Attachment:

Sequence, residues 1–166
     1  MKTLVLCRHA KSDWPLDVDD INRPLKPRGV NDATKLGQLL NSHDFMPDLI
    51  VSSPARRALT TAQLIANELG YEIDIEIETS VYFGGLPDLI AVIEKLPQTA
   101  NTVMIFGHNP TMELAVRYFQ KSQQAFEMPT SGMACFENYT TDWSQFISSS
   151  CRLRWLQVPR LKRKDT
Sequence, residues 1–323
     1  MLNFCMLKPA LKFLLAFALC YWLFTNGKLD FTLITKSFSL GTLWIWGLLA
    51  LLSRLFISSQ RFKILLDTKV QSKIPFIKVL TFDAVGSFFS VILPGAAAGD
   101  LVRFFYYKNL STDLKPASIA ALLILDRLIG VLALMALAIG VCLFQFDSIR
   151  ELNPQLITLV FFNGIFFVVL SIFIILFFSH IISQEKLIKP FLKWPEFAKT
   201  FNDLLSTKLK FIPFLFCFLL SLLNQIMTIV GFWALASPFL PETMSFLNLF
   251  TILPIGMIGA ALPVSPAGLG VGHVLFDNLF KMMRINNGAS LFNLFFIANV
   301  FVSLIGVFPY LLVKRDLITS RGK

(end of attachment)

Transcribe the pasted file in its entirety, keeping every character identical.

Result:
Sequence, residues 1–166
     1  MKTLVLCRHA KSDWPLDVDD INRPLKPRGV NDATKLGQLL NSHDFMPDLI
    51  VSSPARRALT TAQLIANELG YEIDIEIETS VYFGGLPDLI AVIEKLPQTA
   101  NTVMIFGHNP TMELAVRYFQ KSQQAFEMPT SGMACFENYT TDWSQFISSS
   151  CRLRWLQVPR LKRKDT
Sequence, residues 1–323
     1  MLNFCMLKPA LKFLLAFALC YWLFTNGKLD FTLITKSFSL GTLWIWGLLA
    51  LLSRLFISSQ RFKILLDTKV QSKIPFIKVL TFDAVGSFFS VILPGAAAGD
   101  LVRFFYYKNL STDLKPASIA ALLILDRLIG VLALMALAIG VCLFQFDSIR
   151  ELNPQLITLV FFNGIFFVVL SIFIILFFSH IISQEKLIKP FLKWPEFAKT
   201  FNDLLSTKLK FIPFLFCFLL SLLNQIMTIV GFWALASPFL PETMSFLNLF
   251  TILPIGMIGA ALPVSPAGLG VGHVLFDNLF KMMRINNGAS LFNLFFIANV
   301  FVSLIGVFPY LLVKRDLITS RGK